Gas case attorneys to split $125 million in legal fees
CHARLESTON -- Lawyers who represented about 10,400 leasers in a class action lawsuit against NiSource Inc. and Chesapeake Energy will receive about $125 million in legal fees.
The money is about 33 percent of a $380 million settlement reached between the natural gas companies and Roane County landowners.
Roane Circuit Judge Tom Evans awarded the fees Nov. 22 because of the six years of work the lawyers performed, said Marvin Masters, lead attorney for the plaintiffs.
"There were tremendous amounts of legal work that went into investigation and discovery," he said. "It was a very complicated case involving fraud allegations. There were millions of records. This case was tried and appealed and appealed."
Four law firms –- The Masters Law Firm, Bowles Rice McDavid Graff and Love, Carey Scott and Douglas and The Segal Law Firm -- will split the money, Masters said.
The money will be divided based on the amount of work each law firm performed, Masters said.
Another law firm in Washington, D.C., will receive $200,000 for work they performed in preparing to defend against Supreme Court appeals. That money is included in the legal fees, Masters said.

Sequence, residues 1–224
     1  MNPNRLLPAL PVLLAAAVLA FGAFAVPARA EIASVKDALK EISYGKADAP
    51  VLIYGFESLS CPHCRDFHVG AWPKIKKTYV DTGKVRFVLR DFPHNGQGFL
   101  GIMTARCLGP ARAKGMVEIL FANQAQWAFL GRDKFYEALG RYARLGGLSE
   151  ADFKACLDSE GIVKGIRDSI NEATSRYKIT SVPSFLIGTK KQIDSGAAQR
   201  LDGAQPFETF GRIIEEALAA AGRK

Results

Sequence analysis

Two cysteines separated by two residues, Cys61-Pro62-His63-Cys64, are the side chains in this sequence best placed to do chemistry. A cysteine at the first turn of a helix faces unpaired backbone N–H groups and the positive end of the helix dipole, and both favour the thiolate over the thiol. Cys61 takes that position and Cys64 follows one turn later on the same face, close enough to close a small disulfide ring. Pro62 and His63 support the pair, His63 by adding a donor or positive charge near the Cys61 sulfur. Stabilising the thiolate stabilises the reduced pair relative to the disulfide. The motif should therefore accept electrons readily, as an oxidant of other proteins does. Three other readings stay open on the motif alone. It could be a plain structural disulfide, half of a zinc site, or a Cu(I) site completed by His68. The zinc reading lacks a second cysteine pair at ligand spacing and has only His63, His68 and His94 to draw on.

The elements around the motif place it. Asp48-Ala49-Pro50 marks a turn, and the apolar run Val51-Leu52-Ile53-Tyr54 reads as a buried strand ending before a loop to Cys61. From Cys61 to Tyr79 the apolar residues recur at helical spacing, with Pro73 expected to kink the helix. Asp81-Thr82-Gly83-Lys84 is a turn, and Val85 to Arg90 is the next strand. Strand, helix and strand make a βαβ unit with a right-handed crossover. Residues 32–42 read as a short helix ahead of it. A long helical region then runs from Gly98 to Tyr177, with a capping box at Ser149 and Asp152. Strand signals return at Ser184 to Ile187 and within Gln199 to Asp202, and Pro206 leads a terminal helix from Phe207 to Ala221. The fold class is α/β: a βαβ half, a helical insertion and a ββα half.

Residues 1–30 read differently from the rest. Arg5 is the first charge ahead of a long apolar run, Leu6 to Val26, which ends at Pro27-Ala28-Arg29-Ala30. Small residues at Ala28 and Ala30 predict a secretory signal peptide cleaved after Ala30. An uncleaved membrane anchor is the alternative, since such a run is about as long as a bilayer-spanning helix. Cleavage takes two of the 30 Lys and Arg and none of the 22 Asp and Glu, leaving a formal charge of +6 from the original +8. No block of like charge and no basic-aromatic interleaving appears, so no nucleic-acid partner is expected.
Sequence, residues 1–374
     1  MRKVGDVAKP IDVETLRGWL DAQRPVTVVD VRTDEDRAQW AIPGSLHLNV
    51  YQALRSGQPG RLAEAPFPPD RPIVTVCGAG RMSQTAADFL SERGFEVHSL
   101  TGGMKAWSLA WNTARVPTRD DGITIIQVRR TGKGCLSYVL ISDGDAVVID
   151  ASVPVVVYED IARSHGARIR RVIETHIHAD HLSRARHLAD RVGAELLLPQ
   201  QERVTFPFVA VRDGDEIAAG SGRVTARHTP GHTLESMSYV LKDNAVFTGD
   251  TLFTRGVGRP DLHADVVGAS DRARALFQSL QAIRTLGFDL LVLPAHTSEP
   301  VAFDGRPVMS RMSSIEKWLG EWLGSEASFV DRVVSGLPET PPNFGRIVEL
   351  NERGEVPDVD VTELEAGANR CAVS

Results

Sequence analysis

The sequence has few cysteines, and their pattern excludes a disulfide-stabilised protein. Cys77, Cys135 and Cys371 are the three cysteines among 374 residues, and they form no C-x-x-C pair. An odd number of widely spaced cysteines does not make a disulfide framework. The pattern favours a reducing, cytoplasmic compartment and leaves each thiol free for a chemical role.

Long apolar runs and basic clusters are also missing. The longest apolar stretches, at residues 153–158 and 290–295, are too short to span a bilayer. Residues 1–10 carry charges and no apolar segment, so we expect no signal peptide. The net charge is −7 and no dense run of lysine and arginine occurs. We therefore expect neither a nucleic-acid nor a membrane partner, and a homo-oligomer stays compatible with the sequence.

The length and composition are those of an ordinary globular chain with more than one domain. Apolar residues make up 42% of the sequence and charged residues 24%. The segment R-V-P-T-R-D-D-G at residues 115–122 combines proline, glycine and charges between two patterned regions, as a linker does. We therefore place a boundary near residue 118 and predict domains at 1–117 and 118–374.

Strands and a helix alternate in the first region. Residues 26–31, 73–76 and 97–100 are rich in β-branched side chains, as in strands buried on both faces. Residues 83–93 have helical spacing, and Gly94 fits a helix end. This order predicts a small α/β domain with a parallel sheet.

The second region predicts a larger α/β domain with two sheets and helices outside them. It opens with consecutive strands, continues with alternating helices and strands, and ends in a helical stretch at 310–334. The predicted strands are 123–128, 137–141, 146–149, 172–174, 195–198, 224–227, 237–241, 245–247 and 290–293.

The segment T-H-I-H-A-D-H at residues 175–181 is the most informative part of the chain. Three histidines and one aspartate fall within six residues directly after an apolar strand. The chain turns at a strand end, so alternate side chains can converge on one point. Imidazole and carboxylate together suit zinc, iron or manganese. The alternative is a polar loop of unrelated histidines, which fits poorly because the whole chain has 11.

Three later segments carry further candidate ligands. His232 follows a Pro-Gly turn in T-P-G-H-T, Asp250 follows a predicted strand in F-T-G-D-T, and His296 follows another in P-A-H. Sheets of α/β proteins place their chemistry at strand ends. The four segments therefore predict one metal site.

Lawyers took the case on a contingency basis, Masters said. If they had lost the case, they would not have received any compensation.
"Some cases make you very much, some cases make you very little and in some cases, you get nothing," he said. "It all balances out."
After paying court costs of $1.3 million, leasers will split the remaining $126 million.
Leasers known as one-eighth leasers will receive 2.5 times their actual damages, plus interest and flat-rate leasers will receive about two-thirds of their actual damages, plus interest, Masters said.
One-eighth leasers receive one-eighth of the price for which gas sells. Flat rate leasers receive a set amount of money, no matter the price of gas.
The case should have a significant impact on landholders in West Virginia, Masters said.
Flat rate leasers were treated unfairly, and because of the case, they will be switched to one-eighth leasers, he said.
Gas companies were taking deductions out of one-eighth leasers. The lawsuit prohibited that practice, so now landholders will receive the full one-eighth of their money, Masters said.
The case began after a retired school teacher and Roane County farmer named Garrison Tawney approached lawyers with questions about amounts he was receiving from a gas company, Masters said. Other landowners joined until the case became a class action lawsuit.
A verdict last year initially awarded $94 million of past royalty, $40 million in interest, $134 million in compensatory damages and $270 million in punitive damages to landholders, Masters said.
But the gas companies reached a settlement agreeing to pay $380 million. In exchange, they agreed to drop appeals pending before the U.S. Supreme Court.